Be sure to design really cool widget areas, navigation elements, dropdowns, breadcrumbs, comment sections, etc. Its these details that will help get your theme noticed when its in front of people.

Here is what I came up with! A clean, simple, bright and attractive blog design which should stand out amongst other free WordPress themes. I am not going to release this, but I am giving this away as a free download for you to work off of.

Once your happy with the overall look of your design, and once you have all of your visual and required elements in place, you can move on to the theme production and development.

Once again, you can download the PSD file I came up with here.

For a more detailed tutorial on creating a web design in Photoshop, check out this post.

Other great design blogs to reference include:

Theme Development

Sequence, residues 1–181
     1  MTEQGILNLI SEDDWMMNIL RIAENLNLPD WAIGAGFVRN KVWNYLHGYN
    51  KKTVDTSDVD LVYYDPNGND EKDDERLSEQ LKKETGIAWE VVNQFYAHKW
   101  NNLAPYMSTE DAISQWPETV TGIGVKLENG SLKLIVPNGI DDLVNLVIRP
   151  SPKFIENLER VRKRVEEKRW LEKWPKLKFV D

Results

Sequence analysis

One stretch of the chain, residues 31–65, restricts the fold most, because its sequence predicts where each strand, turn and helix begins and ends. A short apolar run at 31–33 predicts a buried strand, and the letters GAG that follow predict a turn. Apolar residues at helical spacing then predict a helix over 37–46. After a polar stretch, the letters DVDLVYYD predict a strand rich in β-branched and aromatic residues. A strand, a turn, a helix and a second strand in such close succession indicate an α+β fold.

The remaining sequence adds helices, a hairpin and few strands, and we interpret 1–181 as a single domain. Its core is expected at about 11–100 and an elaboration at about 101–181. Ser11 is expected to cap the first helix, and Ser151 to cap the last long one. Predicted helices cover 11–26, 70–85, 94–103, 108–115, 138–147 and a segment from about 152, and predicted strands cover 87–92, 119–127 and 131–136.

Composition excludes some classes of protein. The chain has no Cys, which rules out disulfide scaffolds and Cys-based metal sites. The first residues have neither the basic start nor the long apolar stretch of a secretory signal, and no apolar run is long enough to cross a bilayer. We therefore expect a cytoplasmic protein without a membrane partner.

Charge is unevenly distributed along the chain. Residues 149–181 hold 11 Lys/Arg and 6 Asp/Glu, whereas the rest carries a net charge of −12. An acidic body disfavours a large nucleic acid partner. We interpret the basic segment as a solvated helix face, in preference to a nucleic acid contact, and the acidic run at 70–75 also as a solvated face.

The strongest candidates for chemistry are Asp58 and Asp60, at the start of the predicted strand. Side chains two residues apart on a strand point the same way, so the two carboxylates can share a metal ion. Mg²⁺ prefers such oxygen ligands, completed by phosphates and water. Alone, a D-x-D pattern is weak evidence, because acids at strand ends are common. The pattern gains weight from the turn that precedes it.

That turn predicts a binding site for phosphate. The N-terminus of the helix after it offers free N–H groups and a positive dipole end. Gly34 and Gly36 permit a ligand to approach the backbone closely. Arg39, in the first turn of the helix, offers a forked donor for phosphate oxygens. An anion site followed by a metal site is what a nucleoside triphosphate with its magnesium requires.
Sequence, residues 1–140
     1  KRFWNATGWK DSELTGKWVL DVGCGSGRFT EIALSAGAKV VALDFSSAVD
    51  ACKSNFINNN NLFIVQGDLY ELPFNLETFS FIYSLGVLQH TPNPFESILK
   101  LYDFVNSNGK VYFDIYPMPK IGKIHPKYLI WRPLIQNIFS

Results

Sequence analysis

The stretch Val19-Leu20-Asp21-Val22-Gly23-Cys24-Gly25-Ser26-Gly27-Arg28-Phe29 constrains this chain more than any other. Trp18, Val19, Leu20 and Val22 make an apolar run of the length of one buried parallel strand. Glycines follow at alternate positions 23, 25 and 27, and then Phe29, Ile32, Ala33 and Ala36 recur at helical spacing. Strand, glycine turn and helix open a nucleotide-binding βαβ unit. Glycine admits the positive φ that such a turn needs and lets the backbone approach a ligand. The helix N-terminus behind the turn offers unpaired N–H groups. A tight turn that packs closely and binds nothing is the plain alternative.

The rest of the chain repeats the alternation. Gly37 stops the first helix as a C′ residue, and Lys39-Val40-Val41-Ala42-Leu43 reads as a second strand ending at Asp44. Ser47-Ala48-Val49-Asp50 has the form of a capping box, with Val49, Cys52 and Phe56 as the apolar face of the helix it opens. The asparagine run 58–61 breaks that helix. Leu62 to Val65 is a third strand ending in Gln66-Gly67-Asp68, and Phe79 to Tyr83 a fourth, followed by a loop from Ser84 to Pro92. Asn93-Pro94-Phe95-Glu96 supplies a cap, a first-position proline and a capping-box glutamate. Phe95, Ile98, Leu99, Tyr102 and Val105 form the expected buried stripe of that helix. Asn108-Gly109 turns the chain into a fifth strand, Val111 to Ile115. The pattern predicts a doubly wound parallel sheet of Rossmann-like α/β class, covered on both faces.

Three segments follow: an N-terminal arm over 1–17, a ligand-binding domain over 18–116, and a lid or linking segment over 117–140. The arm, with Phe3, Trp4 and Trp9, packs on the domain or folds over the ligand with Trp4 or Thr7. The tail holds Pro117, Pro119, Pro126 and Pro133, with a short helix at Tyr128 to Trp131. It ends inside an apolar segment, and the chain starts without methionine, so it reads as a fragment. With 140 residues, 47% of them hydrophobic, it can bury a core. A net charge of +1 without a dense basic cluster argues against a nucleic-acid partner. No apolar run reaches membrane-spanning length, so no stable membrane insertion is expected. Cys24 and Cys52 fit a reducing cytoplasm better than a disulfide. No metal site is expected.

Since this isn’t a tutorial on how to write html, I am going to assume you know how to develop a basic html/css website from a PSD. If you don’t know html, or don’t have time, consider outsourcing your theme development to a PSD to WordPress shop. You can usually get this done for $99-$150.

Develop Your Design in HTML/CSS First

When it come time to developing your actual WordPress theme, you will save a ton of time by having a fully functional HTML/CSS website to reference. Add all of the filler content and h1 elements, etc so you can copy and paste later. You can also use this template to distribute later as an HTML/CSS template or to develop into other content management systems.

Develop The WordPress Theme

Finally! Time to get excited as your hard work will come to life! Now you can take your HTML template and convert it into a WordPress theme. There are a number of required files and guidelines which can be found here. Please reference that list as I will only be running over some of the main essentials.